On my account, a wise and knowledgeable person for the Zhuangzi is someone who, unlike the petty Confucian or Mohist debater each of whom claims that he is right and his opponent wrong, or the small cicada or giant bird each of whom knows that his kind of flying is the best kind, prefers knowledge commitments that remain valid across a wide range of perspectives, including those he does not occupy himself. On this reading, one serious problem with the Nazi’s commitments is their high degree of contingency upon perspective. “Killing innocent babies for fun” is acceptable from the Nazi’s own perspective, but not from many other perspectives, and in particular not from those of the babies themselves, from those of their parents, other members of society, and so on. The Zhuangist criticism of the Nazi is not so much that he is wrong but that he is stupid: a wise Zhuangist would no more follow a Nazi Dao than he would become a fervent and ideologically committed Confucian or Mohist insisting that he knows the uniquely right way for all to follow. For the same reason, he would condemn the Nazi practitioner as a fool who failed to see other important perspectives on his situation. He might – echoing a technique we see repeatedly in anecdotes in the Zhuangzi – point out perspectives from which the Nazi’s commitments fail to hold even from within his own Dao: would the Nazi still think killing innocent babies for fun was acceptable with respect to his own babies, or with respect to himself as an infant? Rather than offering a moral criticism, the Zhuangist can challenge the Nazi with an epistemic and cognitive criticism of his commitments and actions.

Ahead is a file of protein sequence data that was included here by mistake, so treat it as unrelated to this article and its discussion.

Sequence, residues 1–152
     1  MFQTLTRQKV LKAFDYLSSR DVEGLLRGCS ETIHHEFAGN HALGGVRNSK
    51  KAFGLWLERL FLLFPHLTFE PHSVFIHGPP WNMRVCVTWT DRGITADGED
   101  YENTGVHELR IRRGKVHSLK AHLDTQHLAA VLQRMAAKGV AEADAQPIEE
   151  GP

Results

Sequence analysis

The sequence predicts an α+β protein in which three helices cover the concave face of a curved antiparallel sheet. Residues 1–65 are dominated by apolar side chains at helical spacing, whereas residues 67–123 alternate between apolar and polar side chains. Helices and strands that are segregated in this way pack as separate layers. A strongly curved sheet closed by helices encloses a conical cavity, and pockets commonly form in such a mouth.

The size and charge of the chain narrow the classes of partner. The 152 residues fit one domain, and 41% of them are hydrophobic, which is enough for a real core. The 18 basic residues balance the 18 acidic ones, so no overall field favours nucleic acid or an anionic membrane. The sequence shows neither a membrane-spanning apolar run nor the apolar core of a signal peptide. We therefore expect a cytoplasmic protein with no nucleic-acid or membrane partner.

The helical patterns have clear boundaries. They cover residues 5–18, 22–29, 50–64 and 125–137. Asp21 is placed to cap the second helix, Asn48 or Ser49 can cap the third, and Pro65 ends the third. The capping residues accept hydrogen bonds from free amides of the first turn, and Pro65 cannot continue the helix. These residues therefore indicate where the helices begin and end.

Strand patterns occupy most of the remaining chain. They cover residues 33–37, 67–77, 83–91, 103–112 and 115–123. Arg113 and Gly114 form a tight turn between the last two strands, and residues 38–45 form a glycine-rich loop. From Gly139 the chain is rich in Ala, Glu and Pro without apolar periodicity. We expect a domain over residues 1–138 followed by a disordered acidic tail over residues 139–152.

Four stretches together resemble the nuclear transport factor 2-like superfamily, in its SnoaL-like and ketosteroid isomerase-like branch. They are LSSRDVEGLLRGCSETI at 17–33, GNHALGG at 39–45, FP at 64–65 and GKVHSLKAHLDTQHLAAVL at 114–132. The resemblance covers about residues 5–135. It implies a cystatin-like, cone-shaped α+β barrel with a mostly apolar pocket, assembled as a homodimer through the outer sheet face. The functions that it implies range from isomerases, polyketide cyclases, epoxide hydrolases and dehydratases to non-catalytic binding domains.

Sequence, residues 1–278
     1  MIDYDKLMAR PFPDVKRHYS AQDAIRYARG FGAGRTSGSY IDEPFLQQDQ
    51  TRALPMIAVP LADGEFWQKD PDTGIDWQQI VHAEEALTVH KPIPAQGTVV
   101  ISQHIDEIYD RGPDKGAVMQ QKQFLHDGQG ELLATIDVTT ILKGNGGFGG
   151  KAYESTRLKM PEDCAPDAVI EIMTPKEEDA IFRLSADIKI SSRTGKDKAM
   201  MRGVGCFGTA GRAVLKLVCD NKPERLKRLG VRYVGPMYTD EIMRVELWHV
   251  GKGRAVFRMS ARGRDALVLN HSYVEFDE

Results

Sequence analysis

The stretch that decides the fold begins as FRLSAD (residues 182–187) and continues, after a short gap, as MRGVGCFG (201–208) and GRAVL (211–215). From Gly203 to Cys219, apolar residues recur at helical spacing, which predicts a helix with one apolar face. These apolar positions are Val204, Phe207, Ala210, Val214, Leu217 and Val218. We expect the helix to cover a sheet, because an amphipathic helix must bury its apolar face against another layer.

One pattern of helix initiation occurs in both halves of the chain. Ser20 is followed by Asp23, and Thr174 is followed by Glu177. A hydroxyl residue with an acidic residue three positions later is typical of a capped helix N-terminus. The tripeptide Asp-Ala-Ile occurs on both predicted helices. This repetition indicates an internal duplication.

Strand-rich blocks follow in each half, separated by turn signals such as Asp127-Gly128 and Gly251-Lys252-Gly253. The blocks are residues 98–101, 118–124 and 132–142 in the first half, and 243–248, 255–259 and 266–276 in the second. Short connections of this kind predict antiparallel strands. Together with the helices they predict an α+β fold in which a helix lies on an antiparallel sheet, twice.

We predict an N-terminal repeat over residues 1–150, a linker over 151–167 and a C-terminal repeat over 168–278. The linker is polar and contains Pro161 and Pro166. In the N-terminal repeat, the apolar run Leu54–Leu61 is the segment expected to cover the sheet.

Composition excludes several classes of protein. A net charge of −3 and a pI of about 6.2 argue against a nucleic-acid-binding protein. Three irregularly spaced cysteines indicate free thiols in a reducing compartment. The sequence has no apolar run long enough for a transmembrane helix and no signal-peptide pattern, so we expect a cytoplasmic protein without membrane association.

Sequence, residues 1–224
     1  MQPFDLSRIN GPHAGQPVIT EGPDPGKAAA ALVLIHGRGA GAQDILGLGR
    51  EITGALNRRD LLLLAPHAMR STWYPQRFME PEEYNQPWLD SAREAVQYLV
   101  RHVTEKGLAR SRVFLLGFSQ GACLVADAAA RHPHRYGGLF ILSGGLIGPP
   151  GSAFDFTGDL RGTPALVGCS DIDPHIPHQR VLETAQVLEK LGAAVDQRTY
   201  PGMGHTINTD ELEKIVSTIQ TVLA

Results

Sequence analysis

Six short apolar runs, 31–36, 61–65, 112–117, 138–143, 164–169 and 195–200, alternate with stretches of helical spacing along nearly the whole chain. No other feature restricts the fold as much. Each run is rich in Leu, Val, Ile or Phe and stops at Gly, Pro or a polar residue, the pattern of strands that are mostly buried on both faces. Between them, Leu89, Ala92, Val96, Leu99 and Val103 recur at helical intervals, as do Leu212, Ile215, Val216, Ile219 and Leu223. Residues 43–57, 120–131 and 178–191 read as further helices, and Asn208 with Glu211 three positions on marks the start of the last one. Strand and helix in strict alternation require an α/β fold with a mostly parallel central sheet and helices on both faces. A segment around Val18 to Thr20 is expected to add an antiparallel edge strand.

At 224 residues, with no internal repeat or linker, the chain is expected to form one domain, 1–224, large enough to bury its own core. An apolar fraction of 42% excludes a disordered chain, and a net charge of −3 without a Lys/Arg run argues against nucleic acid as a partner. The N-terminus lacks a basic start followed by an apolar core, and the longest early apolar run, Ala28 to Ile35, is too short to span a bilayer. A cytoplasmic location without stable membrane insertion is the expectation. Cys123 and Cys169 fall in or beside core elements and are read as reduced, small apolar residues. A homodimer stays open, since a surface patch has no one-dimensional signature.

This criticism of the Nazi is naturally weaker than a direct moral condemnation of his actions, and also leaves open the possibility that the Zhuangist criticism may itself be open to attack. Perhaps like Zhuangzi who, as he stalks the bird in the forest hunting the mantis that preys upon the cicada, loses sight of his own vulnerability as he himself is pursued by the gamekeeper, we have applied a technique in criticizing the Nazi that someone else may use to criticize us. There is – as always – the possibility that we will some day meet with a “great awakening” in which we will come to see that our past commitments were in fact wrong, and that we too had failed to appreciate other important perspectives on our own situation, and so responded to it in a way we subsequently might come to see was mistaken. Nonetheless, in taking into account a wider range of perspectives than the Nazi did, though we cannot be sure that we are right, we can at least articulate one thing that is wrong with him and his Dao.